Until you the women I loved
Remained encased in my art,
Figures I could bend in plaster, bronze,
With violence, with tenderness.

But then you burst forth,
And refusing this clay immortality
All men offer,
Deigned from the beginning
To create.

And I loved you,
Because to my sensuality you offered this
Savagery,
Female vehemence.
What in me had grown too smooth, yielding,
Discovered suddenly, in you,
A disheveled beauty that far outstripped me,
And my art became frightening.

From you I learned the craft of agony,
The torn open garden of your female genius,
That is now mine.
And what I create is ugly and essential,
The breasts of my women are inhuman,
The loins of my men collapse the world,
And those who look upon my art
Spit at its feet and turn away in contempt.

You have given me this triumph,
Returned to me stone and soil.
But I want myself back,
My languid hurt.
Your too full madness imprisons me,
And I don’t know what my art means,

For it surpasses us both
And annihilates our purpose.
No, let me turn now and go away
From your perfect love.

My Oldest Enemy

I was low last night.
I don’t know why.
The words would not come
To form a night I wanted to sleep in.

So I stared at a blank wall
And watched it become
Only wall,
It loved nothing.

I rushed out into the night
And found only a street,
Not death,
Not the echo of compassion,

Not even a dismal hedgehog
Nuzzling the mane of the wounded earth.
I put on my coat,
Pockets filled with used up solitude,
And walked and walked.

I don’t know what I wanted,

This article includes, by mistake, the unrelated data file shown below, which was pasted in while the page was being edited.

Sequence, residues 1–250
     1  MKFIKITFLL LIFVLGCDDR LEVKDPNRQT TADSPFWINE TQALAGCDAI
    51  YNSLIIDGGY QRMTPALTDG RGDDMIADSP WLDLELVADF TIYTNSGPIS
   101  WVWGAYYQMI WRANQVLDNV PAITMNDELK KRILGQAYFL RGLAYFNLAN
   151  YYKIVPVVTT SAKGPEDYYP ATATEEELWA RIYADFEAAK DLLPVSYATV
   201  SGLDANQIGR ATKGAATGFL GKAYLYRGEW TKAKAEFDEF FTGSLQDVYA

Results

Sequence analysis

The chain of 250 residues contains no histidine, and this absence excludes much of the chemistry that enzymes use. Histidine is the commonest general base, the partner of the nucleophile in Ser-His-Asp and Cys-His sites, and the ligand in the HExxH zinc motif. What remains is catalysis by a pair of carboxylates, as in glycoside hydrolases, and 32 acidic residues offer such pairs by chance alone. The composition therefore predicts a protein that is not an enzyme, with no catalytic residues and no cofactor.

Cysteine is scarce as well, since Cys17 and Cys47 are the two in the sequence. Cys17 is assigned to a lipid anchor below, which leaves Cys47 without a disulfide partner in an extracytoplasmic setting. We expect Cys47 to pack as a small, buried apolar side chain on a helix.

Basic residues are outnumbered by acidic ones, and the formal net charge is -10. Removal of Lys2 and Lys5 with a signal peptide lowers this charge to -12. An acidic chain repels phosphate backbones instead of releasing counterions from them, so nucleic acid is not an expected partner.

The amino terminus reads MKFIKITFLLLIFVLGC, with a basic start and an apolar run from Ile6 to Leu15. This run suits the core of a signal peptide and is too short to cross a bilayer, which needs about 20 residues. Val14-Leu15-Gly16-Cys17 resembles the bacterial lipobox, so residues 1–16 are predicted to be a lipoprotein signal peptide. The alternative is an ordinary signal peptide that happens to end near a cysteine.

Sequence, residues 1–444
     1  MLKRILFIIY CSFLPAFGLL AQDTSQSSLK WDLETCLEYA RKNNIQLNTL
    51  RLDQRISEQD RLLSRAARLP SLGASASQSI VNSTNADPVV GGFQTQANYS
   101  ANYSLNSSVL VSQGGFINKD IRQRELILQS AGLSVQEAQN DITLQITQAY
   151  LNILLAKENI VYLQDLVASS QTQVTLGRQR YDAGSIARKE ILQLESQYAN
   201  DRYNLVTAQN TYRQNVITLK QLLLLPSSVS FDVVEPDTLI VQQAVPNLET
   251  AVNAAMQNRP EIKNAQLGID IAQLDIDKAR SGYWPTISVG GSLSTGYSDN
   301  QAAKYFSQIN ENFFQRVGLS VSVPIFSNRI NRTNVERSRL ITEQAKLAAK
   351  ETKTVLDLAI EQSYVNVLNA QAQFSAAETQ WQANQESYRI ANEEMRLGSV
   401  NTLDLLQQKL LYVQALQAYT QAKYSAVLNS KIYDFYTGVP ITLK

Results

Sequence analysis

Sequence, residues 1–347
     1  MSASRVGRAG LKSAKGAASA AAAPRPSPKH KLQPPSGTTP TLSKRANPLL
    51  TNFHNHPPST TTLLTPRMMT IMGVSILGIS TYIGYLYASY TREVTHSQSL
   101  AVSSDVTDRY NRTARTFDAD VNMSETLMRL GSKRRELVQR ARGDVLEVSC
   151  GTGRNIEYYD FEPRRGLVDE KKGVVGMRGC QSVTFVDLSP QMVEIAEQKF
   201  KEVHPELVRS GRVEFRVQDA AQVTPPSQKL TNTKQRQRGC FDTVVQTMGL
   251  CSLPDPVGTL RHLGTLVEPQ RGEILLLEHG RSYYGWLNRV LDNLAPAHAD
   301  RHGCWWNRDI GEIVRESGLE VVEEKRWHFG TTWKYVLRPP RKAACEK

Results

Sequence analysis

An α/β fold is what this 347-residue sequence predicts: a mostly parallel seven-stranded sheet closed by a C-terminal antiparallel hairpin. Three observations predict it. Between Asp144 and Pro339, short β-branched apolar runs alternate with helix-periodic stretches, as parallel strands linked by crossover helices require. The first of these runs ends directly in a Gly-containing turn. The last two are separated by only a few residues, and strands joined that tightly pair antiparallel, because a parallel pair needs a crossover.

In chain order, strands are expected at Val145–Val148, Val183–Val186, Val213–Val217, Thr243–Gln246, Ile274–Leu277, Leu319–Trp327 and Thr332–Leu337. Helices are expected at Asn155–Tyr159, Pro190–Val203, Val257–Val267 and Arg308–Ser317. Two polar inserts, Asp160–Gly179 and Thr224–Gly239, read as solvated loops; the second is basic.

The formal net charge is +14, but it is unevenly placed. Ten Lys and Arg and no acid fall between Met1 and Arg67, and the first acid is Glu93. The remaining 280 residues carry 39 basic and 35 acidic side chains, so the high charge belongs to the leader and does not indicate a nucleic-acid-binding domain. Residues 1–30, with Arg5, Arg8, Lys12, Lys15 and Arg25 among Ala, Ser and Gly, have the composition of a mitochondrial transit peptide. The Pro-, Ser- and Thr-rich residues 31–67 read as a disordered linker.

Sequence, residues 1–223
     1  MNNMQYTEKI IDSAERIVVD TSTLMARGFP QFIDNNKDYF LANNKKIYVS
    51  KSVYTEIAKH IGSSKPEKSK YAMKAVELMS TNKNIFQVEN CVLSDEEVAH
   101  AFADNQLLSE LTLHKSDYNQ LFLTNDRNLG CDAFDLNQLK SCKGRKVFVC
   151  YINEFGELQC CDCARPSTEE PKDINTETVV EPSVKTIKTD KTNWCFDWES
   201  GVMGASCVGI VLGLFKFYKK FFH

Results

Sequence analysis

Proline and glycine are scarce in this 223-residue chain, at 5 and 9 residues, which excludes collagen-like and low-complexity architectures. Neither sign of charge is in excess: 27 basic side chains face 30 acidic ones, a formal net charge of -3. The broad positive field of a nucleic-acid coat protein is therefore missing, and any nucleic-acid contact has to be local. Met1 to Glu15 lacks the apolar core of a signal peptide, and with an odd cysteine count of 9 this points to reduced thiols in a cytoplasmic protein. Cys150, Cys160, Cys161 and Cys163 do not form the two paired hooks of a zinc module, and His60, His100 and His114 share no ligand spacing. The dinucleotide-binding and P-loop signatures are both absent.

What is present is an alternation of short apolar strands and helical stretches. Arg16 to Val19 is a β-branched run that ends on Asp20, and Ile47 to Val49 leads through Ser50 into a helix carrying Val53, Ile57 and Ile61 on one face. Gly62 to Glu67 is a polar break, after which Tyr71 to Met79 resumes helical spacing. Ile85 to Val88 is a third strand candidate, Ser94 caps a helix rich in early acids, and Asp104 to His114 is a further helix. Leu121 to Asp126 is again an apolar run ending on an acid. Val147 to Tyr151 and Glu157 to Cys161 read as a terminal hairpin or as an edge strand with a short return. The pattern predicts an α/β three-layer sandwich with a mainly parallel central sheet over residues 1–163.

A voice, a breast, a crime,
The outbreak of a new war.
I was looking for the source of my ache,

In the silent doors
And the shuttered windows,
In the gardens with their flowers
Closed like the fists of women.

I was low,
And there was no origin,
No starting point of my sadness,
There was no woman to blame,
No wrong, no mistake.

There was only this vast night,
Night of dogs,
Night of flowers,
Filled with the destruction of voices,

Night that I could not sleep in,
Like the bed of my oldest enemy.

Some Kind of Perfect

She told me she hates to be alone,
That when she’s alone
The silence whispers to her
Curious things,
How she’s broken,
How she can’t be fixed.

I told her not to worry,
Cause we’re all basically used up,
And anyway,
Perfection is a sin.

She never spoke to me again, after that.
My guess is that she
Needed someone to tell her
She was perfect.

Later, I saw her walking with a guy.
She had ribbons in her hair,
And her eyes were sad
The way they were
When she told me about the devil in her.

As for me,
I’ve learned to live with the one in me,
It’s a one hundred year truce.
He gets to wear himself out
Picking apart the core of me,
And in return I get the
Keen insight of a crippled heart.

But I can’t see any other way
To go about these things.
Oh well, she wanted to be perfect,
And that means wearing ribbons in her hair,
And getting around with guys
Who would never dare tell her she was broken.

To a Friend

I saw my friend’s heart break open
In the foyer, in the university,
Staring down
At the cold screen,
The absurd message,
Clean font
And the unspeakable loss.
She is gone,
Beyond the world’s
infinite vowels,
Long piercing cries of the world.
She is lost to the carnage of the day,
So filled with its lives going up escalators
And falling from bridges.
Now she is one of them
And holds all the mute words
We will never hear,
And our sorrow is the echo of her going.
There is no stopping the world
From bringing us to these distances,
Between heart and hand,
Between love and mouth,
Between grief and shore.
It goes on, always ahead of us,
Over there
Singing with the ones we love,
And we remain
With our stomachs burnt with yearning,
Exultant in our loss.
I saw my friend’s heart break open,
In the foyer,
With the lights of the city burning,
Raw and unreachable.
I saw his love,
I touched the nearness of everything.